A slimmed-down Warren Sapp has stormed through mini-camp drills and made his presence felt on the Bucs' practice field
Warren Sapp wants to remain the center of attention on the football field, and to do so he's altering his center of gravity.
Sapp was noticeably – and purposely – trimmer when mini-camp opened on Friday. And so, for two days, well-meaning reporters following this lead have tried to get Head Coach Tony Dungy to say one thing: that Sapp needed to lose weight to perform at peak efficiency.
Perhaps mindful of Sapp's 16.5 sacks in 2000, just one half off the league lead, or of Sapp's NFL Defensive Player of the Year Award the year before, Dungy wouldn't take the bait. He sees Sapp as a one-of-a-kind athlete upon which he is reluctant to put qualifiers.
"I just think that Warren's a unique player in the league," said Dungy on Saturday, after the third of five scheduled mini-camp practices. "He's been the defensive player of the year, he's been a Pro Bowl player. When he's on top of his game, he can be the best defensive player in the league and that's what we need to be successful, to get where we want to go. I think he understands that.
"He's got to play well for us to be good on defense. That's how the system is set up, that position and Derrick Brooks' position have to make a lot of plays, and we count on him to do it. For the most part, he's done a great job for us."
Sapp, on the other hand, is more than willing to tie his weight to his best effort. Or, at the least, he's not taking any chances.
"I don't know," said Sapp of his new initiative. "I just want to prepare myself to be the best player I can possibly be for this team, and I think I can do that at about 290, 285, and that's where I'm on my way to."
For Dungy, part of the issue likely boils down to privacy. He and Sapp sit down for a discussion of objectives before each season, but this is the type of conversation that the coach likes to keep in the family.
"He and I talk, usually at the beginning of every year, and we set some goals, team goals and some goals for himself," said Dungy. "We haven't had that talk yet, but he got 16 sacks last year, so (the goal's) going to be a little higher than that, I'm sure."
In a way, Sapp's personal goal, in terms of reaching an ideal weight, are parallel to what he hopes the team can accomplish. The disruptive lineman is getting an early start on what he believes will be a dominant campaign for him; perhaps the team can do the same for the first time in four years.
"The last three years, starting out 3-4, we haven't been able to get ourselves off to a good start," said Sapp. "The one year we did, we made a good run in '97. That's the thing we've got to do: get off to a good start and sustain it. With our bye week being in the third week of the season, we've got 14 straight weeks, so we've got to play football and we've got to be on top of our game, because we are the hunted. Like it or not, we are the hunted, and we've got to accept that challenge and go out and perform."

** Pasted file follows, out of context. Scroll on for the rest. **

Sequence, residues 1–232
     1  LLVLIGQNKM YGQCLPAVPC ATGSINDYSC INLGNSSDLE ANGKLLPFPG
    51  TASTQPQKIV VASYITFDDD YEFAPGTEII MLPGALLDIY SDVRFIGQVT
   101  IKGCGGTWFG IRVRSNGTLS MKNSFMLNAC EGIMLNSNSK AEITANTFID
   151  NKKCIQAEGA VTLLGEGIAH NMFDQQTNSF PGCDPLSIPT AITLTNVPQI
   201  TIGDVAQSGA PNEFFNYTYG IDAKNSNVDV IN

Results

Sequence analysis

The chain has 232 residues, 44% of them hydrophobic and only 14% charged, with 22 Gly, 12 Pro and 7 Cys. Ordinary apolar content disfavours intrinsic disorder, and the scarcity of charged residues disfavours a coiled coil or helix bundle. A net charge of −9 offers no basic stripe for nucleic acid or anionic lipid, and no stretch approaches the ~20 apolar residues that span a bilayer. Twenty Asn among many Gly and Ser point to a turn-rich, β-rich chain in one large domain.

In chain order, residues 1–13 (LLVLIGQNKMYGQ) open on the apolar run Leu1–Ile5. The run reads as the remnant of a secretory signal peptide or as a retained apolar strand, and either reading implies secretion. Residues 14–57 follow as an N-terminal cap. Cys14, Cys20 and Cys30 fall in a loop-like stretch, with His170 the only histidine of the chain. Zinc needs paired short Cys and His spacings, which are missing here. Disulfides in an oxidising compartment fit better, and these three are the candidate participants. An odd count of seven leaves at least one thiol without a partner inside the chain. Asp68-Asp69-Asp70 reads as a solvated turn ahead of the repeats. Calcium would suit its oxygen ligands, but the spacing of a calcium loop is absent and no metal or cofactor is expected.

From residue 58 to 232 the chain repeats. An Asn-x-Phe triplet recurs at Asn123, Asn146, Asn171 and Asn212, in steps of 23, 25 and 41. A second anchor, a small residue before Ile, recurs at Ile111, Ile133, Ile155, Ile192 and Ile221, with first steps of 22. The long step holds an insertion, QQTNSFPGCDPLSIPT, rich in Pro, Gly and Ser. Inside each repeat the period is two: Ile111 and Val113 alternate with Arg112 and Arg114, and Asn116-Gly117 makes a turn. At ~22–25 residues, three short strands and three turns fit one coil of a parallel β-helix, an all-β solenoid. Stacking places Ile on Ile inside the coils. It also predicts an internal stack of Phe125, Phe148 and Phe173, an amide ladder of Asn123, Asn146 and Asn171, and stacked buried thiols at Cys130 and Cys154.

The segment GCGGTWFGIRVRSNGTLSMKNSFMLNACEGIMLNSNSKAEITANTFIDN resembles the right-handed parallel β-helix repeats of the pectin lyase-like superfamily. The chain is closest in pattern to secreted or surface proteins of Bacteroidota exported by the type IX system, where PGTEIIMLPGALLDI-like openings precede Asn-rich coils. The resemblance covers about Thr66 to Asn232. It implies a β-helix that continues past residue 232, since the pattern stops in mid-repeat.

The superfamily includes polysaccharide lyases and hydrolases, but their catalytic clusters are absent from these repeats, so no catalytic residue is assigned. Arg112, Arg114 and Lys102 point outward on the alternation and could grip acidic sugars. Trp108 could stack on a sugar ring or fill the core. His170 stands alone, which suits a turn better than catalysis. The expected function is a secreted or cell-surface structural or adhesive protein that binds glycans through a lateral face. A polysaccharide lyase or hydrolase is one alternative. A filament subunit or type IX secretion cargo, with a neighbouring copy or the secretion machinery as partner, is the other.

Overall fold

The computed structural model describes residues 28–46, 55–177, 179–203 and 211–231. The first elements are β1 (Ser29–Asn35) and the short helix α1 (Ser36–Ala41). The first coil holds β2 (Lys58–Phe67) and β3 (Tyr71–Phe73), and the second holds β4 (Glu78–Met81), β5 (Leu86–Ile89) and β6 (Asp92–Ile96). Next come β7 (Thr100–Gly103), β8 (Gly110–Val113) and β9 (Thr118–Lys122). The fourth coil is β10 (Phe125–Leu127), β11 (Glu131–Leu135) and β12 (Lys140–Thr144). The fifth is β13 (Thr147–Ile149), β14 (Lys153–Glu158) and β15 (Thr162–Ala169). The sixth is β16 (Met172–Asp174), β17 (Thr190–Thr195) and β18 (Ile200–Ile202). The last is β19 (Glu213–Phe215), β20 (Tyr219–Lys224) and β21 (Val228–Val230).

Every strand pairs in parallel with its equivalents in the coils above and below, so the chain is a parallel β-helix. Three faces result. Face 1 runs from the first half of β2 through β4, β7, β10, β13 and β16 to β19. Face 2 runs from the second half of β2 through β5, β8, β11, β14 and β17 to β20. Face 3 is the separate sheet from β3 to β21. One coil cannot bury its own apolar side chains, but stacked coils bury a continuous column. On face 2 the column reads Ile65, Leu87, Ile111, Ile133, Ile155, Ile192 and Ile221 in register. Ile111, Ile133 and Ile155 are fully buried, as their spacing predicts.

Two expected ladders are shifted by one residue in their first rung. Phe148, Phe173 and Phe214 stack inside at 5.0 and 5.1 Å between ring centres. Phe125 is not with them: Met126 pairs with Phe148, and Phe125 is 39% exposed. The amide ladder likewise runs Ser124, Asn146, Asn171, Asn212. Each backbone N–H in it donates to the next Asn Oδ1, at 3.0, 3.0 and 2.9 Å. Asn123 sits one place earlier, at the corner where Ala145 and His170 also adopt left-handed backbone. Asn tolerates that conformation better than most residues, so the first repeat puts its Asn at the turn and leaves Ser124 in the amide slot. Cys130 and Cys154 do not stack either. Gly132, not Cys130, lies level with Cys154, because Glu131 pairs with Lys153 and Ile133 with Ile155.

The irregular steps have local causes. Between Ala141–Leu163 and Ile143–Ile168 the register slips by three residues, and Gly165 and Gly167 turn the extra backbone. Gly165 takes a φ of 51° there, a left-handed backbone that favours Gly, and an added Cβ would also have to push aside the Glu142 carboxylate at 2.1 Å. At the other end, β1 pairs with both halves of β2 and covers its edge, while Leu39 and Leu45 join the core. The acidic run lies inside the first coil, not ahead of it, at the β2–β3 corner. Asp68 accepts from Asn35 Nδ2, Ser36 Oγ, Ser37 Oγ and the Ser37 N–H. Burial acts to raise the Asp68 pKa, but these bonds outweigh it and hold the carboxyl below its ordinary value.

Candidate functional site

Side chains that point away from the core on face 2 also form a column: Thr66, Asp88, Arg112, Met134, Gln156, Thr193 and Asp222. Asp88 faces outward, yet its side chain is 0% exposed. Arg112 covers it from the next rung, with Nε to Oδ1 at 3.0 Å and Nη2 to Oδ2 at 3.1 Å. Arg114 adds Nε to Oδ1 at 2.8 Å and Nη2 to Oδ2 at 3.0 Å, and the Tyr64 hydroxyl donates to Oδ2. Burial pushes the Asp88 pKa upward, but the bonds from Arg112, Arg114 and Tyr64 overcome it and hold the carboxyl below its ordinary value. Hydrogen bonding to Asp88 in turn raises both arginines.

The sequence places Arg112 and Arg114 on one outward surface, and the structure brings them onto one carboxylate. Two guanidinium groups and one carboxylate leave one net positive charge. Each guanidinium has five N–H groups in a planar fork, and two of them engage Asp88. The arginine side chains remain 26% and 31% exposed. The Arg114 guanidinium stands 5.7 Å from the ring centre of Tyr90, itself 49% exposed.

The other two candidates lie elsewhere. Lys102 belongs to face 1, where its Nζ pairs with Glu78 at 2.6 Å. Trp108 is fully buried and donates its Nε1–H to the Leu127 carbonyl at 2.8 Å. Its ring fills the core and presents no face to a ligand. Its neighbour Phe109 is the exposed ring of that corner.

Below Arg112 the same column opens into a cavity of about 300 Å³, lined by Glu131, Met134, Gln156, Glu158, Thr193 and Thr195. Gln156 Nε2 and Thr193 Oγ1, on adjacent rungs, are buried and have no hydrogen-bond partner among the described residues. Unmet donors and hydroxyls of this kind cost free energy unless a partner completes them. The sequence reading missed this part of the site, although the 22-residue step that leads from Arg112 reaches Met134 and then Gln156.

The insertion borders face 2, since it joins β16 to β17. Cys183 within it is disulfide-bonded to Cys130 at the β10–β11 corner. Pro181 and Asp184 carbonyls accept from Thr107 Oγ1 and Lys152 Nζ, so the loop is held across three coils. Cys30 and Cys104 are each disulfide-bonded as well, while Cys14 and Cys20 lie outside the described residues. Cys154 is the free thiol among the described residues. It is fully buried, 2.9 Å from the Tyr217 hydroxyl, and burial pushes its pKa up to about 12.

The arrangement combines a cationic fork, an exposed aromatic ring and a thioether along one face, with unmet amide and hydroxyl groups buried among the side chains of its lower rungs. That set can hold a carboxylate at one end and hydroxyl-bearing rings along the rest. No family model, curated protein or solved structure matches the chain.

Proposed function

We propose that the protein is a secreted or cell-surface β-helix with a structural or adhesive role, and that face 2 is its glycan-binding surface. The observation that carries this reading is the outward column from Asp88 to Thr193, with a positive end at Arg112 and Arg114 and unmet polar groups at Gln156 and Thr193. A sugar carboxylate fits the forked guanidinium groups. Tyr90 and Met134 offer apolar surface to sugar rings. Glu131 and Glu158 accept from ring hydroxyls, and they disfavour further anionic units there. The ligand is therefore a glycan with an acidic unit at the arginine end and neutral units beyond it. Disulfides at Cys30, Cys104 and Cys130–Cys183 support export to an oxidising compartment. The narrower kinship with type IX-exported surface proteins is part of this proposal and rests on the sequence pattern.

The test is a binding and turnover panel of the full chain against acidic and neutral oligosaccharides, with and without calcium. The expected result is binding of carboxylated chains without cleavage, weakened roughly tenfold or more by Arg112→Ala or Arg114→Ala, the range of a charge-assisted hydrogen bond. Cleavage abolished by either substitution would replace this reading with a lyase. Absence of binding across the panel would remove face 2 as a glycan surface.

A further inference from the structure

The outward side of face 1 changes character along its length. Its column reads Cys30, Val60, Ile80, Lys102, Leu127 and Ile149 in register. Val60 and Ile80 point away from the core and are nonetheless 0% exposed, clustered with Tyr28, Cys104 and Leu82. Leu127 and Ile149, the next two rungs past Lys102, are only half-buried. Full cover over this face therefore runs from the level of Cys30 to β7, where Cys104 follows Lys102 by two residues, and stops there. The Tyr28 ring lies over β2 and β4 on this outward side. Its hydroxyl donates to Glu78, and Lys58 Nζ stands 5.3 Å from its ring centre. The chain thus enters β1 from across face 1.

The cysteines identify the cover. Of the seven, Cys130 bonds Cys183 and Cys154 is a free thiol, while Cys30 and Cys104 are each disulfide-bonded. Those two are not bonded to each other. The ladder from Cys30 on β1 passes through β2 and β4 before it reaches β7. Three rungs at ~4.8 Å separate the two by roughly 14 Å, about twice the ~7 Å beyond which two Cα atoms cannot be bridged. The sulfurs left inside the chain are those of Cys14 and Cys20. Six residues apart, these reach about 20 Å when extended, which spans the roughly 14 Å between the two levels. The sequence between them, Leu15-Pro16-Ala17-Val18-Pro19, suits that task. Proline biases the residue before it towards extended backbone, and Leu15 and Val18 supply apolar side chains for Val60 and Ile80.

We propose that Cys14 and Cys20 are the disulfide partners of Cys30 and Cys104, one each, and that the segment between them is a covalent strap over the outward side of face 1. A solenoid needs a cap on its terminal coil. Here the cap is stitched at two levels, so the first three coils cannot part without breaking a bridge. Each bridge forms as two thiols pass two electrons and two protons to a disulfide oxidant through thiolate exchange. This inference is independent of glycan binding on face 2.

Well, if Sapp is intent on making his presence felt in 2001, he's certainly off to a good start. Here's the number one lesson Dwight Smith, a rookie cornerback, has learned in a day-and-a-half with the team:
"Stay out of Warren Sapp's way."
Smith shared this with a laugh, but Sapp has certainly been a vocal presence on and off the field during mini-camp. The rookie probably heard his new teammate providing commentary during the special teams drills the last two mornings, but that hasn't slowed Smith down.
The third-round draft choice out of Akron is not your prototypical cornerback in that he packs over 200 pounds onto an extremely fit 5-10 frame. He is by no means overweight; in fact, Smith has such a low body fat content that he had difficulty with cramping on the first day of camp.
While his size shouldn't hamper his efforts in the secondary, it could very well make Smith a valuable addition to Joe Marciano's special teams.
In those special teams drills, in which one punt-coverage 'forcer' tries to get off the line and downfield against a pair of blockers, Smith has been a standout on both sides of the line. His combination of speed and power, plus a willingness to do whatever is asked of him, could make him one of Marciano's top men.
Like all of the rookies, Smith has attacked the special teams drills with intensity.
"I take everything seriously," he said. "Every play could be your last. Any time I step on the field, I'm going to give everything I have. I try to tell all the young guys that. If they expect me to play special teams all year, I'm going to play special teams all year. It's a blessing for me to play at this level. Any chance I get to play I'm going to take advantage of."
Marciano's crew lost Don Davis to the St. Louis Rams as a free agent. Floyd Young has not been resigned, at least to this point. Shelton Quarles played far less on special teams last year as his role on the defense expanded. There are holes to fill on special teams and Smith is willing to step in.
"I think I can," he said. "Any role they want me to fill, I feel like I can. I want to give back to them for drafting me. Any way I can help them, I'm going to do it."
With Pro Bowl CB Donnie Abraham and nickel back Brian Kelly returning, and with big-play corner Ronde Barber re-signing as an unrestricted free agent, Smith might not step into instant playing time on defense this year. If that's the case, he hopes to pitch in on special teams and usefully bide his time.
"It's the same thing in college," said Smith. "You always have to wait your turn. Just don't get frustrated, and feed off the older guys. The older guys know more than you, so use them as a teaching tool. Learn from them, so that when it is your chance, you can step in and not miss a beat."